Google has plans for an open-source OS for netbooks – something Microsoft will not be able to ignore
Google has announced that it intends to develop a Chrome-based operating system for the fastest growing section of the PC market, netbooks. The OS will be available in the second half of next year.
Netbook owners will be able to use the system for things such as browsing the internet, sending emails and word processing, so it will be suitable for personal use and small businesses. However, the next step forward from the netbook is the desktop, and Google will probably release a version for that medium soon after the netbook format is released.
There has been no mention of price, which means in all likelihood it will be free. Previous Google product business models involve advertising and this is the route they will take with this operating system. They will also want you to use their other services for marketing purposes, which will somehow be converted into dollars, or information that can be sold to advertisers.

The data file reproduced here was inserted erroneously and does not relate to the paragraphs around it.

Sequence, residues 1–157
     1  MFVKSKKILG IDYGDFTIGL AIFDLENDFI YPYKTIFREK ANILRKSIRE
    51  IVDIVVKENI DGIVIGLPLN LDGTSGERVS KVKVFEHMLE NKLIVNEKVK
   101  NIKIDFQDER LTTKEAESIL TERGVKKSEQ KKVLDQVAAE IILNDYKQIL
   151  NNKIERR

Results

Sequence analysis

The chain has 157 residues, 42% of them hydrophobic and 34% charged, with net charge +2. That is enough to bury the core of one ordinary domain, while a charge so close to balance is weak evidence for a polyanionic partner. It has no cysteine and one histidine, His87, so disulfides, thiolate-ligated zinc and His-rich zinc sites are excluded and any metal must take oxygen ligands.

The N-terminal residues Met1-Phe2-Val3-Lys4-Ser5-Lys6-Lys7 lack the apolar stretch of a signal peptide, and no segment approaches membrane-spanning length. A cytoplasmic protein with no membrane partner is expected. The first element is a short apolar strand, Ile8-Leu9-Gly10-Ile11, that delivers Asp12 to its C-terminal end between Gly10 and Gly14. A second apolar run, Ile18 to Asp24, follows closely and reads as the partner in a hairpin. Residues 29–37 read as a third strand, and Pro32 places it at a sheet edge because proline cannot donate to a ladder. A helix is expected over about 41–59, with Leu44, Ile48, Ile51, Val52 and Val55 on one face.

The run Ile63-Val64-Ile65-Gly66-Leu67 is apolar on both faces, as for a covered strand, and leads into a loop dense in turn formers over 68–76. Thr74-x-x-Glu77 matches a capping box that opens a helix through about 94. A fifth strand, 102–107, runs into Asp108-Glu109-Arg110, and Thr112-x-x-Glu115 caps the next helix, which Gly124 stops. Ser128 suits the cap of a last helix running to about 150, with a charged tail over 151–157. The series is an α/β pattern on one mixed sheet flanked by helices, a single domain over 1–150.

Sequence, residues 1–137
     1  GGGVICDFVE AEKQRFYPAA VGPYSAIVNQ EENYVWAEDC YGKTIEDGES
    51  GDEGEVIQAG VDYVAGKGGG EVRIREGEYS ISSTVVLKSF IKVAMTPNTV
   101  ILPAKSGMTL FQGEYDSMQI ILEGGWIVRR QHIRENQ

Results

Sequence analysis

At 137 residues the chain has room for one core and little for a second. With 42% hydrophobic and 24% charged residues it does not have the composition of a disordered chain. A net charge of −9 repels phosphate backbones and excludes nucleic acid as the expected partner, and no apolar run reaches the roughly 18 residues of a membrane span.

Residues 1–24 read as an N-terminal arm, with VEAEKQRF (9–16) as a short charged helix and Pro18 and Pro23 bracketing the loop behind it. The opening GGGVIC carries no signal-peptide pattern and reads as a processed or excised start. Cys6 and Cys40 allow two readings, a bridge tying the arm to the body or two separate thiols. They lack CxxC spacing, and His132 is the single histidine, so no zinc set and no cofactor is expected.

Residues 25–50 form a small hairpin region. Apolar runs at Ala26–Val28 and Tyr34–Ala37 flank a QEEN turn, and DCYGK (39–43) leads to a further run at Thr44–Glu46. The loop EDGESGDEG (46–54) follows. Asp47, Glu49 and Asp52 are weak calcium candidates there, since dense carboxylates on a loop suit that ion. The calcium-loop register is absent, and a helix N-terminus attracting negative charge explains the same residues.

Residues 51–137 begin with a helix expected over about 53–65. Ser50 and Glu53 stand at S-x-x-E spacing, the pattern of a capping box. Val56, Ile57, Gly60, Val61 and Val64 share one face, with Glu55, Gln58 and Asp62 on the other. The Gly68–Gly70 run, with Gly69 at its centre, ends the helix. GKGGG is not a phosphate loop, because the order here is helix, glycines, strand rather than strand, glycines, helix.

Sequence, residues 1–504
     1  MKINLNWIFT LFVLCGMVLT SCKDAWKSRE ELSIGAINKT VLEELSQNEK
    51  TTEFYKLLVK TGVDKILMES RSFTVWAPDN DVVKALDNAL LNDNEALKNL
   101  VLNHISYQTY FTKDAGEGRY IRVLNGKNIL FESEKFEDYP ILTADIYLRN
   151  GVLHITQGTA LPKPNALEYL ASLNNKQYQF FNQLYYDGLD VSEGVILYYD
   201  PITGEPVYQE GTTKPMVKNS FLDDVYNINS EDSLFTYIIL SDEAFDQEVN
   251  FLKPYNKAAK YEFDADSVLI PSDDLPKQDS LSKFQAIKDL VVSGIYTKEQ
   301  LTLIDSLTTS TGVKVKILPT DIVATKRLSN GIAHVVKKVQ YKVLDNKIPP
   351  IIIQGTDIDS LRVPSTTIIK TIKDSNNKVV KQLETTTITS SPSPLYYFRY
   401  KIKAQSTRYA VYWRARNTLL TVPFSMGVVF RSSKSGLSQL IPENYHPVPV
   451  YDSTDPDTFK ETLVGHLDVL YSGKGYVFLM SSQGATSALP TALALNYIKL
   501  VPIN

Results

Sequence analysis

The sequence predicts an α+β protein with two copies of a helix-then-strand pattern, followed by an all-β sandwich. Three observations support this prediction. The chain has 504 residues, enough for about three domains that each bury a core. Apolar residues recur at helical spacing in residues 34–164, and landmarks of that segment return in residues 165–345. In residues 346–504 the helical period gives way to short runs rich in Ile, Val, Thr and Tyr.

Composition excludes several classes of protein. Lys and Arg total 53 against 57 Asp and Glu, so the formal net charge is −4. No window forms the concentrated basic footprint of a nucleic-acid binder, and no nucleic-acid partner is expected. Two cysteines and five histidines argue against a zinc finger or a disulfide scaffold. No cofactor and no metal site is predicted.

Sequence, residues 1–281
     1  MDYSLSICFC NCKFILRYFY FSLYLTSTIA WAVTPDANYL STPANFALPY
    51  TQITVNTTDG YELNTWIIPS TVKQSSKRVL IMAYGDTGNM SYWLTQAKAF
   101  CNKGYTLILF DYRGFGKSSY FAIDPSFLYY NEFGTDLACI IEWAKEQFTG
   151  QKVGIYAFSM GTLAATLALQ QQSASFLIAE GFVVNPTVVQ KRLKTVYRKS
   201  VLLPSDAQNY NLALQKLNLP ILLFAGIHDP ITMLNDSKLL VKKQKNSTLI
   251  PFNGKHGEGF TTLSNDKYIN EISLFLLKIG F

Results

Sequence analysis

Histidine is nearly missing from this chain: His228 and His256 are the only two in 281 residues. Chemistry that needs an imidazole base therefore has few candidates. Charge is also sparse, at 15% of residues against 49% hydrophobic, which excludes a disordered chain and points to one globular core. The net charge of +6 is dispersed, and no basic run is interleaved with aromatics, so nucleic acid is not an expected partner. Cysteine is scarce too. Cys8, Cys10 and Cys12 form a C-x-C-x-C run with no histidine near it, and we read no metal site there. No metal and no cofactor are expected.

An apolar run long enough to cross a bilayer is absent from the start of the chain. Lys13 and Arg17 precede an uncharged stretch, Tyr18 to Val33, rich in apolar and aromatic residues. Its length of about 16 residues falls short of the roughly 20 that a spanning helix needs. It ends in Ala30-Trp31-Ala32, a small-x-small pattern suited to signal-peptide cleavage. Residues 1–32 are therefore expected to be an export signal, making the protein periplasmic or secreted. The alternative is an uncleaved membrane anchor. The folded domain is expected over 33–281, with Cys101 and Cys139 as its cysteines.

So does Microsoft have cause for concern with the affect this will have on the Windows license fee (or “tax” as some users call it) that comes with new netbooks? Yes and no. Technology is a fast-moving beast and people are fickle. If users can get something for free, they’ll no doubt take it. But there is the fact that the new Google OS, initially, will not be as functional as its Windows 7 counterpart, which is launching in October this year – something we’re sure Microsoft will be announcing loud and clear to all its customers.
As for the practicalities of the Google OS, the company has said it will be redesigning the security architecture to deal with spyware, malware and other viruses, that can affect the running of the system.
Some analysts say Google are quick to get excited about a project – such as Google Video, Dodgeball and Jaiku – only to stop working on it soon after and there are already discussions floating around messageboards that this may happen again. However, with the netbook market currently growing at 25 percent a year, and the success of its Android OS for mobile phones, we’re thinking Google is in this for the long haul.
By Charlie Brown